HOUSTON -- The Raiders still have some holes on defense, as evidenced by their surrendering 473 yards Sunday, but they made good on their quest to stop the Houston running game.
The Texans finished with 70 yards in 25 carries, with Arian Foster, who had 155 yards on 30 carries last week against Pittsburgh, limited to 68 yards on 22 attempts. Foster got 20 of those yards on his first attempt and averaged 2.3 per carry the rest of the way.
"We'd rather give up passing yards than rushing yards, because it's demoralizing as a team when they can rush the ball at will," defensive tackle Richard Seymour said.
Defensive tackle John Henderson said it was a matter of every player doing his job, staying in gaps, the same thing the Raiders have preached for years while not always delivering.
"They decided to step up, just like I told you we would," coach Hue Jackson said. "We played against a good back and a good running team. I think our guys stepped up and made some plays. I am truly impressed with those men."
The cutback lanes that zone-blocking teams so often exploit against the Raiders were nonexistent.
"They were staying in the box," Foster said. "They were doing a good job of staying disciplined in their gaps. You have to give all the credit to them."
Schaub started 9 for 12, but was 15 for his last 39 and finished 24 for 51.
"Instead of going for the shoulder pads, trying to tackle him, I was going where his arm was, and Lamarr was doing the same thing," Henderson said.
Foster, stymied in the running game, caught five passes for 116 yards with a long of 60. Tight end Joel Dreessen had five catches for 112 yards and a 56-yard touchdown pass from Schaub on a blown coverage in the first half.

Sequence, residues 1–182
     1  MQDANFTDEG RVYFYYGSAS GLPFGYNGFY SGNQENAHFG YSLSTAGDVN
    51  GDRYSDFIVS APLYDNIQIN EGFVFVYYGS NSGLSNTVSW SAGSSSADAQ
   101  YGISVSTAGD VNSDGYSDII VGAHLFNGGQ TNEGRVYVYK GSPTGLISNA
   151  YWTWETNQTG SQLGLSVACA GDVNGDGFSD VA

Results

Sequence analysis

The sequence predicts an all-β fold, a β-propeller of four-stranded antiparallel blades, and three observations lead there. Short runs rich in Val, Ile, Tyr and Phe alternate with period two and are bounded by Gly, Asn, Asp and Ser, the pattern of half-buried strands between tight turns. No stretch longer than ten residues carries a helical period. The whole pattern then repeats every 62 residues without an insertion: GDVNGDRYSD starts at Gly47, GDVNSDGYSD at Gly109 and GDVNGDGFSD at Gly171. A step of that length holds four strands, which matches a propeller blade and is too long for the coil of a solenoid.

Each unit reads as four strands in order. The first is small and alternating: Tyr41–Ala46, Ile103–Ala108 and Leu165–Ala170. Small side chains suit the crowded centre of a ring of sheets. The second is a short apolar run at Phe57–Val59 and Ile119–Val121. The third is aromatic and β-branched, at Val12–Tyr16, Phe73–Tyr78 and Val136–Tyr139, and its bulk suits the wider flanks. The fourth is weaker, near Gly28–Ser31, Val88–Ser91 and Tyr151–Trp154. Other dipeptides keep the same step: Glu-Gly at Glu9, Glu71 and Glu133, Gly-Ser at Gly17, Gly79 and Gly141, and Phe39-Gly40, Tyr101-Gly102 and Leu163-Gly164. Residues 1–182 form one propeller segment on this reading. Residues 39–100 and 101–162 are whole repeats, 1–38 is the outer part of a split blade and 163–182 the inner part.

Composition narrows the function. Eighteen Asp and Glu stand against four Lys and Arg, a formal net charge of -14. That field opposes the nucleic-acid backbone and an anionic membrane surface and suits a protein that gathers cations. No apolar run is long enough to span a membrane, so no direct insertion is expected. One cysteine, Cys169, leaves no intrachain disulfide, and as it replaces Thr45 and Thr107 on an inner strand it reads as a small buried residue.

Cartwright said the play had been called earlier, but the Raiders didn't get the right look from the Texans.
"They gave us the look we wanted the second time, and Mike Mitchell told me to trust him, he'll get the guy on the edge, and he did that, and it was a big play for us," Cartwright said.
"Obviously that's been their (Texans') focus all week, and I'll be the first to tell you that I have to do a better job," Jackson said. "They got us slowed down, probably more so than any other team has in a long time."
"It hurts, but I deserve to feel like this right now," Vickers said. "The game was in my hands, and I didn't do what I was supposed to do."
"Al Davis created something he believed in and stood by it no matter what people said," Jones said. "He's the grandfather of grandfathers and an inspiration."
Fans also built a shrine to Davis just outside the headquarters' front door, with personal thanks and messages written on footballs, newspapers, balloons, stuffed animals and baseball caps.
"Al Davis: rest in power," one inscription read.
Bay Area News Group's Sean Maher contributed to this report.